Clause (3)- the first art of this clause empowers the State Legislature to make laws Prescribing its powers, privileges and immunities. If the Legislature of a State under the first part of clause (3) makes a law which prescribes its powers, privileges and immunities, such law would be subject to Article 13 and clause (2) of that article would render it void if it contravenes or abridges any of the fundamental rights guaranteed by Part III.
The right of State Legislatures to punish for contempt can be discussed with the case law of Powers, Privileges and Immunities of State Legislature, Re. The reference was a sequel to the passing of an order by an unprecedented Full Bench of 28 judges staying, under Article 226, the implementation of the U.P. Assembly resolution ordering two judges of Allahabad High Court to be brought in custody before the Bar of the House to explain why they should not be punished for the contempt of the House. The two judges had admitted the habeas corpus petition of and granted bail to one Keshav Singh who was undergoing imprisonment in pursuance of the Assembly Resolution declaring him guilty of the breach of privilege. The resolution of the Assembly and the stay order issued by the Full Bench resulted in a constitutional stalemate. Consequently,
the president referred the matter under Article 143 to the Supreme Court for its opinion. The Supreme Court by a majority of 6:1, through an elaborate and learned opinion delivered by Gajendragadkar, C.J., held that in India notwithstanding a general warrant issued by the Assembly, the Courts could examine the legality of the committal in proper proceedings.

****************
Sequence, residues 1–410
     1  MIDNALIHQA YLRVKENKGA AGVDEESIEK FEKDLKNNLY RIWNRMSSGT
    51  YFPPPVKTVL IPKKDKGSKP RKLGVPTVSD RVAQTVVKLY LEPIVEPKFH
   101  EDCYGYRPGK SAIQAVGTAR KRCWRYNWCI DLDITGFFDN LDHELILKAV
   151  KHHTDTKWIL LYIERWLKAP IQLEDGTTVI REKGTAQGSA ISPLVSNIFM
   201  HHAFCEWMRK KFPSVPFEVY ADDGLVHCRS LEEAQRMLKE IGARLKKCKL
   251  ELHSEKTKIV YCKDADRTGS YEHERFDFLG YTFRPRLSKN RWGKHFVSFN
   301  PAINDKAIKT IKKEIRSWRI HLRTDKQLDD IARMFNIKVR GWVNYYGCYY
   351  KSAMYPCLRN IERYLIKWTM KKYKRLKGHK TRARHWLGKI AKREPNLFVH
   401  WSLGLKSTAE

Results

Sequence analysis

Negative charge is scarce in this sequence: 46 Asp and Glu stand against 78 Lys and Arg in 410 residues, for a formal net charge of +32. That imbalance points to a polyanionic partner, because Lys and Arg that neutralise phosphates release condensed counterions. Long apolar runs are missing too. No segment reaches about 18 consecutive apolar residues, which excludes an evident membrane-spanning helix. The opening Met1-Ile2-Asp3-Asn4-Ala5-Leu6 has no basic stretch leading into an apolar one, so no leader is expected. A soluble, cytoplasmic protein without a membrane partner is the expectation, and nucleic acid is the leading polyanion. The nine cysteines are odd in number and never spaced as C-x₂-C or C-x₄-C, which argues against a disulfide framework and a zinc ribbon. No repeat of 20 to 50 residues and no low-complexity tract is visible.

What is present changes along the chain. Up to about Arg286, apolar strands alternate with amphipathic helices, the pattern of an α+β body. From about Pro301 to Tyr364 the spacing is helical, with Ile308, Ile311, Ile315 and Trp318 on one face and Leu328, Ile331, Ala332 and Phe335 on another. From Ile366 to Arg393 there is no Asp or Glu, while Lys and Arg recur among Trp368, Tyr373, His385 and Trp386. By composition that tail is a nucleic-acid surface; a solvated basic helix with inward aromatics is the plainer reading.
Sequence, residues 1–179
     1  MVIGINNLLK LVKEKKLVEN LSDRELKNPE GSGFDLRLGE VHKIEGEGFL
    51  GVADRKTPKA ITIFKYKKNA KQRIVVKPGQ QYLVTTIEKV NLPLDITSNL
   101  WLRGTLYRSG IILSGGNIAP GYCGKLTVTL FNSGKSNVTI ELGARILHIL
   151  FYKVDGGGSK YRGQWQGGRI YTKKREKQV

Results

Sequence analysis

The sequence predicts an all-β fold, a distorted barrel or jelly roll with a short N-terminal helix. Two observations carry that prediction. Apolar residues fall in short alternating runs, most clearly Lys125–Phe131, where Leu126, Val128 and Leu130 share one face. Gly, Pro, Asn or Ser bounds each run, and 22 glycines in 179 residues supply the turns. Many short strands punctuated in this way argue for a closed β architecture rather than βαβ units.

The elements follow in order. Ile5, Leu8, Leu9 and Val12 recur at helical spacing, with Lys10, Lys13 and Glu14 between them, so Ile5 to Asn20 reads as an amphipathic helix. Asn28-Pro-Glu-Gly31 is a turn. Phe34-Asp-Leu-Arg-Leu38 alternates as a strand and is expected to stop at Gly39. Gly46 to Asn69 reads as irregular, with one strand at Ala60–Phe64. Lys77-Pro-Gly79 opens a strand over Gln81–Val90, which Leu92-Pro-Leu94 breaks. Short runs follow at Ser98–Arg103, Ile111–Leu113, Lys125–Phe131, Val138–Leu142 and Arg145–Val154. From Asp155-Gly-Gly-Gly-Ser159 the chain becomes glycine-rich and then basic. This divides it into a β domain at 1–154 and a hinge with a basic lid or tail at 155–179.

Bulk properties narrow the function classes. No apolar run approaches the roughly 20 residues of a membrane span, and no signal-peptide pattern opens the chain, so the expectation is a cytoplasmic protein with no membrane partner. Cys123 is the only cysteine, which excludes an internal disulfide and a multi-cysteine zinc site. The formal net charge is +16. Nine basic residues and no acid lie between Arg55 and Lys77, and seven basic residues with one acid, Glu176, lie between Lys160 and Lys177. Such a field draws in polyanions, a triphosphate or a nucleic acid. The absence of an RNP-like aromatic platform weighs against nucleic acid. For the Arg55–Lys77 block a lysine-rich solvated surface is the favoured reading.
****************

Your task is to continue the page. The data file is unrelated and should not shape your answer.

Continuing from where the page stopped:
Other propositions were also laid down in the majority judgment. It said that Article 194 (3) cannot be read in isolation. The impact of Articles 226, 32 and 211 had to be ascertained in order to determine the scope of Article 194. Article 226 empowers the High Court to issue a writ of habeas corpus against any authority. This would include the legislature since no exception is made in favour of a detention order by the House for the breach of its privileges. Article 211 on the other hand unambiguously indicates that the conduct of a judge in the discharge of his duties can never become the subject matter of any action taken by the House in exercise of its powers or privileges conferred by the latter part of Article 194 (3). The fact that the first part of Article 194 (3) refers to future laws defining the privileges as being subject to fundamental rights is a significant factor in construing the latter part of Article 194. Such a state legislation would be law within the meaning of article 13 and the courts will be competent to examine its validity vis-à-vis the fundamental right. Although no opinion was tendered as regards fundamental rights in general, it was made clear that so far as Articles 21 and 22 are concerned, any privileges etc., which are claimed, must be consistent with these articles in the context of Article 208.